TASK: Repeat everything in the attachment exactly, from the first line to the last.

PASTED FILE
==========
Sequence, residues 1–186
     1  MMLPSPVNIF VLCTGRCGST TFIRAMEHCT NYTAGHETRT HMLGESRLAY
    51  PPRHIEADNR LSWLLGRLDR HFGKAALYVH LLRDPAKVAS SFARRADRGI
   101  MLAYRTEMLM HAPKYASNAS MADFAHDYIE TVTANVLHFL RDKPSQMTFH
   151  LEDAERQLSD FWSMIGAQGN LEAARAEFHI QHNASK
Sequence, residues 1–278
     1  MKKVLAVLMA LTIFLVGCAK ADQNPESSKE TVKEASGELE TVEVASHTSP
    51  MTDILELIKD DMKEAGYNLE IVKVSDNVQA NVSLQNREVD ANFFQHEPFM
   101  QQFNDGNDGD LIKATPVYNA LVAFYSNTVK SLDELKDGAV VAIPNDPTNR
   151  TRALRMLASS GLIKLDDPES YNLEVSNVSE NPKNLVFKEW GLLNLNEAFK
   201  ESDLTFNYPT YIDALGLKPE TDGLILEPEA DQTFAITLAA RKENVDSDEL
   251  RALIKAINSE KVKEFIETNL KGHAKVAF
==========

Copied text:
Sequence, residues 1–186
     1  MMLPSPVNIF VLCTGRCGST TFIRAMEHCT NYTAGHETRT HMLGESRLAY
    51  PPRHIEADNR LSWLLGRLDR HFGKAALYVH LLRDPAKVAS SFARRADRGI
   101  MLAYRTEMLM HAPKYASNAS MADFAHDYIE TVTANVLHFL RDKPSQMTFH
   151  LEDAERQLSD FWSMIGAQGN LEAARAEFHI QHNASK
Sequence, residues 1–278
     1  MKKVLAVLMA LTIFLVGCAK ADQNPESSKE TVKEASGELE TVEVASHTSP
    51  MTDILELIKD DMKEAGYNLE IVKVSDNVQA NVSLQNREVD ANFFQHEPFM
   101  QQFNDGNDGD LIKATPVYNA LVAFYSNTVK SLDELKDGAV VAIPNDPTNR
   151  TRALRMLASS GLIKLDDPES YNLEVSNVSE NPKNLVFKEW GLLNLNEAFK
   201  ESDLTFNYPT YIDALGLKPE TDGLILEPEA DQTFAITLAA RKENVDSDEL
   251  RALIKAINSE KVKEFIETNL KGHAKVAF